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Thread: Strongly Mixed Profile Advice

  1. #1
    Trying to make mom and pop proud
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    Strongly Mixed Profile Advice

    Sponsored Ad:
    Edit: This is for applications to a PhD in Economics
    Edit2: And GRE is 170Q, for what it's worth.

    I've posted something similar on Reddit, but I since discovered these forums.

    My profile is "strongly mixed," to say the least.

    I have a very high grad average (only comprising a few classes over two years; the rest of the time I was a predoc at a strong department.) And a ~3.2 undergrad GPA from a recognizable place, including a litany of graduate math and economics classes. Some of these I did very well in, some not. The discontinuity is due to a chronic health condition, which was finally treated late in my undergrad.

    My predoc has led to a publication. And one of my undergrad professors (who wrote me letters for this predoc) described me as "by far the best undergrad I've ever seen," so I have some hope that my letters are strong. Perhaps I should have asked this prof to referee me for PhD applications, but I figured recent is better.

    The other thing to mention is that I probably have unusual skills in computer programming. I'm the maintainer of some "big in Japan" (i.e., popular amongst a small set) open-source economic packages that have been accepted for talks at conferences.

    I've applied to about 15 well-known departments in the 10-30 range, including some Master's programs, and a smattering in 30-50. My predoc institution is probably my best shot for a good placement, in my mind.

    Mainly I'm opening this thread to calibrate my expectations, and get advice on how to approach this profile in any remaining applications. And to see if there are any schools I should apply to before the Jan. 1/Jan. 15 deadline.

    Thanks in advance.
    Last edited by guessandverify; 12-17-2020 at 10:27 PM. Reason: Didn't clarify this is economics

  2. #2
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    Re: Strongly Mixed Profile Advice

    There are now many profiles like yours -- profiles with poor grades but strong research experience. Unfortunately, due to the sheer number of predocs now applying to PhD programs with equally glowing letters, I think you should greatly temper your expectations and expect to get in somewhere between 20-50. But like you said, if the professor you worked for really goes to bat for you, it's possible that you land an admit at the school where you worked.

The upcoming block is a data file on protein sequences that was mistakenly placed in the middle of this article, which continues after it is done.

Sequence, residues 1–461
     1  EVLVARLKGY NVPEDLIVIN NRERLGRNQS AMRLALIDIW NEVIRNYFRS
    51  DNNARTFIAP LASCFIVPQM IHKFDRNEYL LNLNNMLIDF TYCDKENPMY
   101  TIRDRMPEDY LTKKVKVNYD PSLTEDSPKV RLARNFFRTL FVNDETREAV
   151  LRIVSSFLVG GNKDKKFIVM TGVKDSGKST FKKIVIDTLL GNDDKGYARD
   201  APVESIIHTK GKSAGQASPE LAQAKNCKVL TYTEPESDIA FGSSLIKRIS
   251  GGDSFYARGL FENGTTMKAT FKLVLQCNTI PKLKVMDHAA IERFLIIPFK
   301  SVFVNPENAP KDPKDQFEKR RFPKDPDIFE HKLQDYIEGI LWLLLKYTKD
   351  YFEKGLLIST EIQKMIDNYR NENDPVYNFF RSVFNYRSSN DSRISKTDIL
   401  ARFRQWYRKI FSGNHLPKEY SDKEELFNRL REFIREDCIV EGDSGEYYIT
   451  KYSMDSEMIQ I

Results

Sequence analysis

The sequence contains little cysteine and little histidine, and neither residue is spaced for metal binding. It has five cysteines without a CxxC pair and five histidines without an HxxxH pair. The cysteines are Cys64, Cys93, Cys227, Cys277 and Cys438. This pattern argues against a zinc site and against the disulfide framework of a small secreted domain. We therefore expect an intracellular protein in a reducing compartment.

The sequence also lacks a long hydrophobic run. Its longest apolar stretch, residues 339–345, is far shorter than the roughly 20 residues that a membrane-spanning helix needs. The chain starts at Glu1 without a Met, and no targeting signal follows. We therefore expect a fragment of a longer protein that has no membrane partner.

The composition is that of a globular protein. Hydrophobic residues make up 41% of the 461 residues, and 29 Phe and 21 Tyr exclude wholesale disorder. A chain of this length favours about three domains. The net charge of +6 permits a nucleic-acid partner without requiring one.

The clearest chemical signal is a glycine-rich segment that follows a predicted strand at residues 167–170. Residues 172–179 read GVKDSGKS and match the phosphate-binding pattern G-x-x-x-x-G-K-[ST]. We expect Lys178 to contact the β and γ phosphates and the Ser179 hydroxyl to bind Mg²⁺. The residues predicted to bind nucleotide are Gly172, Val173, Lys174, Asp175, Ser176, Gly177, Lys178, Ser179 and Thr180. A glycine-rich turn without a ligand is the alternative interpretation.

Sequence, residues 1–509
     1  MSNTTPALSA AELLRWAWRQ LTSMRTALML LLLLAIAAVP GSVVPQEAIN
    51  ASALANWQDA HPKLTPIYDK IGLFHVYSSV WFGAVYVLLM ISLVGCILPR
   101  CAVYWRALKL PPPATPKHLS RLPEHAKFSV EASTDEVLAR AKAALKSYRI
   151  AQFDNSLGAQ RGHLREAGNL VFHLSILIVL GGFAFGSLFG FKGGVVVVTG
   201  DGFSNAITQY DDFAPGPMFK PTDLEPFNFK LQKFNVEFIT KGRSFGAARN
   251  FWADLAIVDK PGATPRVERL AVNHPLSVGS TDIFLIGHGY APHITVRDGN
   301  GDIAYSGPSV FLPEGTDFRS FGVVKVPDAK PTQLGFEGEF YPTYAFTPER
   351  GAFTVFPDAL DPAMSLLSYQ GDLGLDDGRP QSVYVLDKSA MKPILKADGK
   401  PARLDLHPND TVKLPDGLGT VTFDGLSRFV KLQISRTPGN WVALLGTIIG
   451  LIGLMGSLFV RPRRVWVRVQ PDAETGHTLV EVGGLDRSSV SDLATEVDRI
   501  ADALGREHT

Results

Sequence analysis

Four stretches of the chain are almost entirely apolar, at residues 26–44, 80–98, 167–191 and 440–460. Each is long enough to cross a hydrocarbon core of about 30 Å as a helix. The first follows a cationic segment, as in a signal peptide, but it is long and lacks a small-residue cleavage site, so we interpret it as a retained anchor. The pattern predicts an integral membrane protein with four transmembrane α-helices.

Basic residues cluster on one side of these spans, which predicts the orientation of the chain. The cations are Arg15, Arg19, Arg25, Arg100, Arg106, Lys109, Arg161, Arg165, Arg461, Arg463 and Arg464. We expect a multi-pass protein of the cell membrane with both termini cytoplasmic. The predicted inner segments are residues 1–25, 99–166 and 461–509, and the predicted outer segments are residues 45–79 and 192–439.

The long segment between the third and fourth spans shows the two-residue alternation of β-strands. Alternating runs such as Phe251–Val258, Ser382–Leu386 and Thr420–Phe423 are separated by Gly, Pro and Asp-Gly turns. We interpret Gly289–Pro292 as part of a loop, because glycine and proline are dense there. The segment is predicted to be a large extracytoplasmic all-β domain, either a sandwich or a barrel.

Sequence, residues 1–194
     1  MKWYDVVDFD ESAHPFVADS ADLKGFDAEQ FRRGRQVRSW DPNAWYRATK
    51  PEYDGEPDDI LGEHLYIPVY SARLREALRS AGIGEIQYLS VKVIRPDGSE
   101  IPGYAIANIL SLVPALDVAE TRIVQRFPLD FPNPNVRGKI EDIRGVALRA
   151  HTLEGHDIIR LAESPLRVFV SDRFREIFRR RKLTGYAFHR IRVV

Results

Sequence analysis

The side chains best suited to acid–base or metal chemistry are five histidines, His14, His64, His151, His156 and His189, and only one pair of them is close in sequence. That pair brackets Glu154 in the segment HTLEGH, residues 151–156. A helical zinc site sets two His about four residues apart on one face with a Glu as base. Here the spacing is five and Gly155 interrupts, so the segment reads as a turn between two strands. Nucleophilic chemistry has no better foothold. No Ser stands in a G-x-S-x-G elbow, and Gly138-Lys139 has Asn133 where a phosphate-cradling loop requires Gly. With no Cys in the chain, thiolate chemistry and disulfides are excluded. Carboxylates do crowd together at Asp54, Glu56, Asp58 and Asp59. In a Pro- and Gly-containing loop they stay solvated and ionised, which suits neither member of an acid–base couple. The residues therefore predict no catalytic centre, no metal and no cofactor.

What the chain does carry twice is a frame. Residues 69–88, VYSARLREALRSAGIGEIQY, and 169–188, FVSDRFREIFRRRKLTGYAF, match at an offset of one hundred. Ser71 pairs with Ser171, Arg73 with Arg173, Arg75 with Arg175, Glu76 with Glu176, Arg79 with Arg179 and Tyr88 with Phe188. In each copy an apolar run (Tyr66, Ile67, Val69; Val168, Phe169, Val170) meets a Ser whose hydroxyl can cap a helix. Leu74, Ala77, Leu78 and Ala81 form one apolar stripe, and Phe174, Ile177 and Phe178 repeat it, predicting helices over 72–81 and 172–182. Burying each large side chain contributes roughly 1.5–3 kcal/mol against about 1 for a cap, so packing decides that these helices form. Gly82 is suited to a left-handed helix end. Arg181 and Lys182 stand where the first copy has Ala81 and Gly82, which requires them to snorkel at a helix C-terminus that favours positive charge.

3. #3
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    Re: Strongly Mixed Profile Advice

    Thanks Zubrus. Do Penn State, UNC, UVA, WUSTL, Rutgers and UT Austin strike you as falling within that range?

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    Re: Strongly Mixed Profile Advice

    You said your predoc led to a publication. Does this mean you're a coauthor?

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    Re: Strongly Mixed Profile Advice

    Alphatrunks (still don't know how to tag people in this): yes. My CV has a few RA credit publications, and one coauthored one. (Although this is perhaps diluted by there being 4 authors. one of them a "big name." The project has a significant computational component, though, so many hands...)

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    Re: Strongly Mixed Profile Advice

    Reconsider having your undergrad professor write a recommendation. "best undergrad ever" says a lot.

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    Re: Strongly Mixed Profile Advice

    Thanks startz. This gave me the motivation to do so.

    Edit: I ended up asking, and the prof agreed, despite it already being Dec. 18. So this puts some programs potentially in play that weren't before.
    Last edited by guessandverify; 12-18-2020 at 04:00 PM. Reason: Result

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    Re: Strongly Mixed Profile Advice

    @startz how do professors on admissions committees like yourself feel about candidates with predoctoral publications, especially top fields and top 5s. These usually tend to be coauthored with faculty and also supported by a letter (which is of course usually extremely positive) but I'm wondering whether publications have value added independent of the letter of support that comes along with it.

    I'd also be curious to hear whether you have seen applicants with sole authored publications in reputable journals.

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    Re: Strongly Mixed Profile Advice

    I should say that the publication itself is still a working paper, although my advisor thinks it could land in a top 5 (he's published in such journals before, so this isn't just smoke-blowing.) I'd just meant to emphasize that I coauthored something.

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    Re: Strongly Mixed Profile Advice

    Quote Originally Posted by alphatrunks View Post
    @startz how do professors on admissions committees like yourself feel about candidates with predoctoral publications, especially top fields and top 5s. These usually tend to be coauthored with faculty and also supported by a letter (which is of course usually extremely positive) but I'm wondering whether publications have value added independent of the letter of support that comes along with it.

    I'd also be curious to hear whether you have seen applicants with sole authored publications in reputable journals.
    The fact that you are named as a coauthor is significant. Publications have some value-added, but the letter is more important.

    I have seen very few sole authored publications in good journals.

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